The government restrictions, introduced on 31 July 2020, continue to be in place in these areas.

The following information provides advice and guidance about what this means for our churches:

Worship

  • Our church buildings can remain open for individual private prayer and for worship. However they must only do so if they are Covid-19 secure.
  • It is permissible to attend a place of worship, where Covid-19 Secure guidance applies, but you must socially distance from people outside of your household. This means maintaining a distance of 2 metres, or 1 metre with mitigations (such as wearing face coverings).
  • The government recommend at this time that, if possible, prayer/religious services take place outdoors.
  • Those attending a place of worship should not socialise with people they do not live with.

Weddings

  • Weddings can go ahead
  • Weddings should be limited to no more than 30 people and subject to COVID-19 Secure guidelines.
  • Wedding services are required to be held inside a licensed building
  • People living outside the lockdown areas may travel into the areas to attend a wedding, but should not go into a private home or garden.

Funerals

  • Funerals can still take place in the lockdown areas
  • Funerals should be limited to no more than 30 people and subject to Covid-19 Secure guidelines
  • People living outside the lockdown areas may travel into the areas to attend a funeral.

Use of Church Halls / Church Buildings for Community Use

  • It is permitted for activities to take place in community centres (which includes church halls) as long as they follow Covid-19 Secure Guidelines.
  • People should not socialise with people they do not live with in indoor public venues
  • Those who run activities should take steps to ensure people do not interact with people they do not live with, in line with COVID-19 Secure guidance.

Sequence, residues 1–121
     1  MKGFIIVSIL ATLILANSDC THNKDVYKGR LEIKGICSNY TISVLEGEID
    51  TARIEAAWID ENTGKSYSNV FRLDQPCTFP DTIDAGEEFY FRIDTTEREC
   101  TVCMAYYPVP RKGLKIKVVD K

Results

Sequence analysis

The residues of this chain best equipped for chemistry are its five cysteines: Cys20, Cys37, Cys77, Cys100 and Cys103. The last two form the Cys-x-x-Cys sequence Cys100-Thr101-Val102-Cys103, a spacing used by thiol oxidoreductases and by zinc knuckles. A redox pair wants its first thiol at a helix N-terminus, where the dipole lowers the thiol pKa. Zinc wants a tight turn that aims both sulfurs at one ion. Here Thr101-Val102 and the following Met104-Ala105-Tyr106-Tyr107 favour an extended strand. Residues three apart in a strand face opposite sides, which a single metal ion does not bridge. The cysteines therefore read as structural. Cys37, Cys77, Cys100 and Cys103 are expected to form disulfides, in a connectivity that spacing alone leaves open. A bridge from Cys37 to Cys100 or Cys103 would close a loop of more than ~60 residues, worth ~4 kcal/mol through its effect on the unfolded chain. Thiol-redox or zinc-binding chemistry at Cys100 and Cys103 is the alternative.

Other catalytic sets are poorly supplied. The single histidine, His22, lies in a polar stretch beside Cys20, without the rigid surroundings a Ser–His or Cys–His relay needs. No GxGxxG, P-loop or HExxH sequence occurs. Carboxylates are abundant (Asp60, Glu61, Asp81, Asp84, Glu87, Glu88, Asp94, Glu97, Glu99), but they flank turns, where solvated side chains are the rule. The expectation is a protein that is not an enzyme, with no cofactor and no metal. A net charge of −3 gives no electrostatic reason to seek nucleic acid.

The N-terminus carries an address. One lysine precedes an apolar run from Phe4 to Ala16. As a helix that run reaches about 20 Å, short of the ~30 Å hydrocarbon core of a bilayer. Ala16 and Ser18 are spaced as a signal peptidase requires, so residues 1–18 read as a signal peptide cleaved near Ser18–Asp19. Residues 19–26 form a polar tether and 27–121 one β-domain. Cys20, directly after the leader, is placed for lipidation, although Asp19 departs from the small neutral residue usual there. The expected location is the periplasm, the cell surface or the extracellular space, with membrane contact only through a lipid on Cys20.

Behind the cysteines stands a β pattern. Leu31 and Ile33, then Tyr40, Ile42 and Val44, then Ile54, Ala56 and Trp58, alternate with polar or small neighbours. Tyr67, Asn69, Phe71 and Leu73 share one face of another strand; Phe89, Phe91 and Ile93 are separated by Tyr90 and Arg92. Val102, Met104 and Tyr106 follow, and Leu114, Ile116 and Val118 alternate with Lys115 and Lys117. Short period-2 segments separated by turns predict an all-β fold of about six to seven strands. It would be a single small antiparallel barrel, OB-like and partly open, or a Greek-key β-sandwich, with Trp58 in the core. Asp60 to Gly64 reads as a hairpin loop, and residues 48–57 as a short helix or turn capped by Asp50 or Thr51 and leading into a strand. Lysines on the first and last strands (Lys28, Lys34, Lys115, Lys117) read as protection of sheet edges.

From 2 September 2020 - Oldham and (certain wards within) Blackburn with Darwen

Additional restrictions continue to be in place. For our churches this means:

Public Worship

  • Public worship can continue to take place.
  • It is permitted to attend a mosque, church, synagogue, temple or other place or worship, but you should socially distance from people outside of your household. This means maintaining a distance of 2 metres, or 1 metre with mitigations (such as wearing face coverings).
  • If possible, prayer or religious services should take place outdoors.

Weddings and Funerals

  • Weddings and funerals can take place.
  • A maximum of 20 people should attend these events. This should be limited to close family of the people getting married or the person who has died, or people who live(d) or formed a support bubble with them. A close friend can attend a funeral only if there are no household members or immediate families.
  • Wedding celebrations should not take place – unless they are limited to people who live together (or are in the same support bubble), or a group of up to 6 people outdoors.
  • People living outside of Oldham can travel to Oldham to attend a wedding or funeral, but they should not meet with another household in a private home or garden.

All covid-19 secure parish risk assessments should be constantly reviewed and monitored as a matter of course. However, in the light of the additional restrictions the opportunity to review risk assessments and mitigation measures would be prudent in this area of the diocese.

Further information about the additional restrictions can be accessed at the Oldham Council website.

Click here for the full Government Guidance.

Bolton - updated 11 September

Specific restrictions have been introduced by the Government in order to address the spike in cases of Covid-19. For our churches this means:

Worship

  • You may attend a church or other place or worship, but you should socially distance from people outside of your household. You must wear a mask.
  • If possible, prayer or religious services should take place outdoor

Life Events (Weddings and Funerals)

  • Weddings, civil partnership ceremonies and funerals (including ceremonies at crematoria) can still go ahead, but they should have no more than 6 people.
  • This should be limited to close family of the people getting married or the person who has died, or people who live(d) or formed a support bubble with them. A close friend can attend a funeral only if there are no household members or immediate families.